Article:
I’m getting there with this series, a set of heavily manipulated photos of scenes I find walking along the sands. Some are just as found, others are put together. I think there is a way to go but I’m pleased with way they are shaping up. The bottle idea seemed a bit obvious but I like the feather and shell picture.

Pettycur Bay, October 2011

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Here are three pictures taken last summer, at Kielder Water in Northumberland. Contax G2, 45mm lens, Fuji Neopan 400. I finally got around to developing some rolls of film and had managed to print up a number of contact sheets in the darkroom. From there it was¬†Lightroom development, but I’ll probably take these back to the darkroom to see what I can achieve straight from the enlarger.

The family were fast asleep in the Youth Hostel and I had the unenviable role of sleeping with the¬†dog in the tent (No Dogs Allowed in Youth Hostels). Needless to say we both woke up early and rather than lay there with 35Kg of smelly hound, I went for a walk. I was rewarded with this view of the lake where it seemed hard to take a bad photo. The mist was rising fast so I didn’t have much time and kind of wished I’d got there slightly¬†earlier!

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Robert Louis Stevenson had a grudge against the Scottish weather, in particular here on the east coast, which he described as having ‘one of the vilest climates under heaven’. Here is a shot taken at the end of July looking across to the promenade in Kirkcaldy. RLS got the summer spot on: ‘shifty and ungenial’. The cold sea fog is called the haar and it appears out of the east, a spiteful gift from the north sea when the sun shines and dares to warm our faces. I’ve got it into my head that we must somehow anger the sun god, to whom I am particularly worshipful.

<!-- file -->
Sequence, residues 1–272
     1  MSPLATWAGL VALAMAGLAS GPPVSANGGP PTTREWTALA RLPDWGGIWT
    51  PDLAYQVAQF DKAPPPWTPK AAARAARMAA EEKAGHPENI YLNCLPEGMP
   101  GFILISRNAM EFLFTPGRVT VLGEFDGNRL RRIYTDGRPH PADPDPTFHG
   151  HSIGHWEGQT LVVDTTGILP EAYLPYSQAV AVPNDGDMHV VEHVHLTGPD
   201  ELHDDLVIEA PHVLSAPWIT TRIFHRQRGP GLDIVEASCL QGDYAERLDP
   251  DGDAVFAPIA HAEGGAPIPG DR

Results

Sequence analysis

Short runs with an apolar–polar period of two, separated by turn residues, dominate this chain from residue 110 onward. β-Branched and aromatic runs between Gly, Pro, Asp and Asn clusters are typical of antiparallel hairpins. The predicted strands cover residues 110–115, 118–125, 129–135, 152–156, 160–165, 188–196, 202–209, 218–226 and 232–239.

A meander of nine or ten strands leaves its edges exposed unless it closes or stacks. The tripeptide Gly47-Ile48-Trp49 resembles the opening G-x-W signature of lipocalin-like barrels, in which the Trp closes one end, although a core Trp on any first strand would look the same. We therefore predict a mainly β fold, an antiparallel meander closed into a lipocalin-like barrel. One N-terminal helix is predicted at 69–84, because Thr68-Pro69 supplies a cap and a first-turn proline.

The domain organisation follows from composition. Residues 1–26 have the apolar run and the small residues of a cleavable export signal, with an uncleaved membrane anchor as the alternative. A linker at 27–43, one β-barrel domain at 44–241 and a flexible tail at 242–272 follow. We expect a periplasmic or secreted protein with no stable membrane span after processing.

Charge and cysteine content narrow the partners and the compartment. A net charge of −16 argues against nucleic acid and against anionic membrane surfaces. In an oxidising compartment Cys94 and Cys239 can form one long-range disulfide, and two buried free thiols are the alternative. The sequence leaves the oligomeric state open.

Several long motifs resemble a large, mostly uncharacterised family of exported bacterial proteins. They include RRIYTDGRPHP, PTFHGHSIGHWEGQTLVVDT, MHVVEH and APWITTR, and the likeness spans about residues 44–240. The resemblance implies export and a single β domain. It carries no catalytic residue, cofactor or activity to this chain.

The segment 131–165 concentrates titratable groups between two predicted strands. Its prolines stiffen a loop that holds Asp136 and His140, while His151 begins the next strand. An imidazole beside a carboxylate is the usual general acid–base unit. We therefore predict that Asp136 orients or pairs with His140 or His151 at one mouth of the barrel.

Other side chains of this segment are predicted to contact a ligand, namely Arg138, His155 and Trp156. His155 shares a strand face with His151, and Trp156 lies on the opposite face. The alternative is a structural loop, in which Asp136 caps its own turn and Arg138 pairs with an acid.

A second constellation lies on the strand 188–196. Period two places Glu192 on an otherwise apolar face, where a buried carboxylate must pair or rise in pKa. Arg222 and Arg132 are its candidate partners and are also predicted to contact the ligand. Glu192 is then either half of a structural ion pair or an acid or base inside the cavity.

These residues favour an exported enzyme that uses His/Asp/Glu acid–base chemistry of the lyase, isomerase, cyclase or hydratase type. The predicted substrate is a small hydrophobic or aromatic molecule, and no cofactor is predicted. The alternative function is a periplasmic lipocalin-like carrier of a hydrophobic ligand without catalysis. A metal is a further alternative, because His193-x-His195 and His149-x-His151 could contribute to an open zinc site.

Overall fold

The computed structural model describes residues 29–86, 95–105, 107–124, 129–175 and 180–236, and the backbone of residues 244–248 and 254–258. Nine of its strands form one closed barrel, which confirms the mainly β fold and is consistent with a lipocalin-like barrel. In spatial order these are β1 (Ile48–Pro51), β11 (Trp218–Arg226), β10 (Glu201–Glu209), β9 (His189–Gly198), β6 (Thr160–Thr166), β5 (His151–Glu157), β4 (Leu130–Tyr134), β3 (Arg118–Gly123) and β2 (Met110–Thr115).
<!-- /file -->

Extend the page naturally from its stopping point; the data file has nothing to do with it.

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But they’re shells, ok. More from my wild Saturday night in with the scanner, 2 bottles of wine and some black fabric. Does life get any better than this? The effect from direct scanning is comfortingly old-fashioned and lends the image quite a painterly feel. My thought of the week is this: How far has digital equipment really enabled us to travel?

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The act of walking alone along the sea shore remains one of the great pedestrian romantic traditions. This was taken between West and East Wemyss, Fife, last weekend. Some asked me recently about why I don’t just use digital for all my photos. My response was I do – I scan negatives and use the internet to display images. I often use a digital slr. The discussion got on to one of the percieved great advantages of digital imaging, that of being able to see your image straight away. I admit there a real advantages here and the digital slr gets me taking photos of things that I would have given up on with a film camera. Equally valid though, I pointed out that there is another kind of memory card, in the mind, and that ‘card’ carries more resonance than the electronic one. Film negatives are latent images.They need to be developed, worked on, and I think that’s often how the brain works, if you embrace a little patience and allow yourself to daydream. Like you do walking along a beach, alone.